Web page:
Reactive Attachment Disorder (RAD) and #PTSD


I was hit over the head with childhood trauma issues today and I am exhausted. This was certainly productive but still made me tired.  I started to compare the two cases I met about today. They each have one of the above diagnosis. In one very successful meeting between providers and other community stakeholders we were able to (make our best attempt to) break down the treatment and service silos to get him the treatment that he needs.  It was a very trauma-informed brainstorming session. This was for the client with PTSD.  We reviewed his history and how we ended up where we are today and what we could do differently. We were all concerned about his ability to safely regulate his emotions and conflicts with others.

Fast forward to a parent I met with for the first time whose child is diagnosed with Reactive Attachment Disorder.  She had heard so many things about RAD her head was spinning. She started talking about this young persons history. I am thinking how traumatic, he NEVER LEARNED to attach to others and does not know how to engage social relationships. I gave this parent this feedback and that this should be the direction of treatment. She seemed relieved.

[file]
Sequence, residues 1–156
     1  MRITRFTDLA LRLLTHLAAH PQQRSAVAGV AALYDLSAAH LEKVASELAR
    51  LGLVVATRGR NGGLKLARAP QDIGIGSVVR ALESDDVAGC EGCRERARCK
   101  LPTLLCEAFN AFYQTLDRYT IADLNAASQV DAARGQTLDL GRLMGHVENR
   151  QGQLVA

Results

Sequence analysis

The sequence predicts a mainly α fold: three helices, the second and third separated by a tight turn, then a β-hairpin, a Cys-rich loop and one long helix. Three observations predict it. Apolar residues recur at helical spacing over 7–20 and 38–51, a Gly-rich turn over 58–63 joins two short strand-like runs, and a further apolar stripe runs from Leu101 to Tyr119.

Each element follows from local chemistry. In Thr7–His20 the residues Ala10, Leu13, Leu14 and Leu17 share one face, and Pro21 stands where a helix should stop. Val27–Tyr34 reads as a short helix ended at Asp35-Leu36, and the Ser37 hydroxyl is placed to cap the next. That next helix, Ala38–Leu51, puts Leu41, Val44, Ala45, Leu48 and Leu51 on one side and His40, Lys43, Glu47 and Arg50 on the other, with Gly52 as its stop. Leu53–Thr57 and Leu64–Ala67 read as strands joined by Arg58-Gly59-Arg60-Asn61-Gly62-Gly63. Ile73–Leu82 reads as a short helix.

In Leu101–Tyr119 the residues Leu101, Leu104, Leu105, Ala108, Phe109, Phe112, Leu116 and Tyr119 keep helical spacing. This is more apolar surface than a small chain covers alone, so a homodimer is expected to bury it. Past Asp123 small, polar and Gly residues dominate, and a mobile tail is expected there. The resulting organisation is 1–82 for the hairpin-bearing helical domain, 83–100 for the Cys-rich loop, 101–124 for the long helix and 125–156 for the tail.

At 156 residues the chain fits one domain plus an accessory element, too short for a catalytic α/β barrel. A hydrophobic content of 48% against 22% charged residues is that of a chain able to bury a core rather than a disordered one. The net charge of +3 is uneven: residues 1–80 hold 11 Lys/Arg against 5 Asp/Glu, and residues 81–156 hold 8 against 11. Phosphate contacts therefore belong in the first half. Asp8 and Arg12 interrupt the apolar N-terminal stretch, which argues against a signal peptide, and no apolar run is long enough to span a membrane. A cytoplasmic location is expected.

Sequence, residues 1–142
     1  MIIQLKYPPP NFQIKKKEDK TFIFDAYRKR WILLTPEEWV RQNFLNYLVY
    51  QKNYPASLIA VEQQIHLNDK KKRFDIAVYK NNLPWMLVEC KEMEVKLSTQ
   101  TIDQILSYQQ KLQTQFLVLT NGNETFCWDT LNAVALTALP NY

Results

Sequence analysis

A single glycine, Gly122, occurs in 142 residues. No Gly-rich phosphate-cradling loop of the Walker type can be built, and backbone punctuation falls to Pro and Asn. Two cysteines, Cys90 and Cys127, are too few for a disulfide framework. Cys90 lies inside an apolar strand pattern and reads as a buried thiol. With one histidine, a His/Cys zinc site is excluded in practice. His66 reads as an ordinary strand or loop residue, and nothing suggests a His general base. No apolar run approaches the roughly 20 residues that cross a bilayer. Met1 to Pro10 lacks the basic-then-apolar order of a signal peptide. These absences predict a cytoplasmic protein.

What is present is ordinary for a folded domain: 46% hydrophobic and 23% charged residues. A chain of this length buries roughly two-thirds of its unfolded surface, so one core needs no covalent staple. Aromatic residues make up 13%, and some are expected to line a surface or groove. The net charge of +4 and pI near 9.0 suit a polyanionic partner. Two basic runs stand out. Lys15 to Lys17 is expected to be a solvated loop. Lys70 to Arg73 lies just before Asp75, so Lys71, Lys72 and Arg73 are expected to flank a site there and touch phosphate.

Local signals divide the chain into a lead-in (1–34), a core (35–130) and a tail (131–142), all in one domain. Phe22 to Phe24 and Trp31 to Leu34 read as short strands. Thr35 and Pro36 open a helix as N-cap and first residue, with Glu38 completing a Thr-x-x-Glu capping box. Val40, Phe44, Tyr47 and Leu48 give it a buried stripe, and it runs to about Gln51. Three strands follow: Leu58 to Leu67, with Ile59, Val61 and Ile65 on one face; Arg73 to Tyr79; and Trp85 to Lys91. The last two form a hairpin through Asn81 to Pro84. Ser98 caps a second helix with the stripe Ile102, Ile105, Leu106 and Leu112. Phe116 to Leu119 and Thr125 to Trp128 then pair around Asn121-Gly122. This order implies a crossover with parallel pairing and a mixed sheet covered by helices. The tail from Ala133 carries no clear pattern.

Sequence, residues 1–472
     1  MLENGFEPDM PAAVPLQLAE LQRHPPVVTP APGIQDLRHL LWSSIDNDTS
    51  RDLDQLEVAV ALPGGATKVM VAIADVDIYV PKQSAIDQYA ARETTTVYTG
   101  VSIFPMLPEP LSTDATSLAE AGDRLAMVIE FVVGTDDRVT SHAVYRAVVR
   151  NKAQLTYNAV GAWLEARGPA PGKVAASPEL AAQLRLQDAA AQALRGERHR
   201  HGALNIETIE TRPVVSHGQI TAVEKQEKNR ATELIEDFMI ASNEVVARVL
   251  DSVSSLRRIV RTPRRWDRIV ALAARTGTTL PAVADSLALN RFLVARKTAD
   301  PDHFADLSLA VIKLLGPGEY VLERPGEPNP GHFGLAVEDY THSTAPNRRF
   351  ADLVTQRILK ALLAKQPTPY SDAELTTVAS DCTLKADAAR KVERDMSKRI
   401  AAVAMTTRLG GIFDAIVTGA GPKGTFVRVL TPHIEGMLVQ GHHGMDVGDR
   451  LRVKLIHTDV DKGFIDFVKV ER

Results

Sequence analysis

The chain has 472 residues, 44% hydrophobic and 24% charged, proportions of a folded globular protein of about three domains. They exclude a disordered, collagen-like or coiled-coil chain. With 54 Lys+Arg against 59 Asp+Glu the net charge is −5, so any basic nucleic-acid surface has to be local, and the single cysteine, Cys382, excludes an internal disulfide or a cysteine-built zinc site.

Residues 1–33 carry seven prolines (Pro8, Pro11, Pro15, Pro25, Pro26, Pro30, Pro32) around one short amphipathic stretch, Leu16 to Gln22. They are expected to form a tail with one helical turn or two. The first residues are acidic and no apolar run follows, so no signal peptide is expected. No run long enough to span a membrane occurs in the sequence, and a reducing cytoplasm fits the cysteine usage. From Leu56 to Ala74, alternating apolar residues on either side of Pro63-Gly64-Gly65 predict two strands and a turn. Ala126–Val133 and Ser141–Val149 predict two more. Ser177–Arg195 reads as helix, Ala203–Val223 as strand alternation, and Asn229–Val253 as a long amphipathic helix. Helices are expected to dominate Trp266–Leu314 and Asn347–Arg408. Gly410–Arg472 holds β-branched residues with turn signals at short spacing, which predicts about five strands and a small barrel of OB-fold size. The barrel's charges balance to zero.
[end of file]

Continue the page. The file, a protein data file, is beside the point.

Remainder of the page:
Fast forward to tonight where my 20 month old son randomly just hugged me.  After the day I had this almost brought me to tears. My two clients, rarely if ever, got these opportunities. I was able to engage with my son because he knew how to engage with me. Prior to tonight I honestly did not look at what changes the DSM 5 was making for RAD. I  was surprised that the DSM-5 is going to be calling it Disinhibited social engagement disorder.  Children who experience early childhood trauma are not taught to engage with others.   We need to teach severely traumatized children new skills to engage. Whether it is PTSD or RAD, let’s not lose sight that it is  indeed a disorder about engaging with others.


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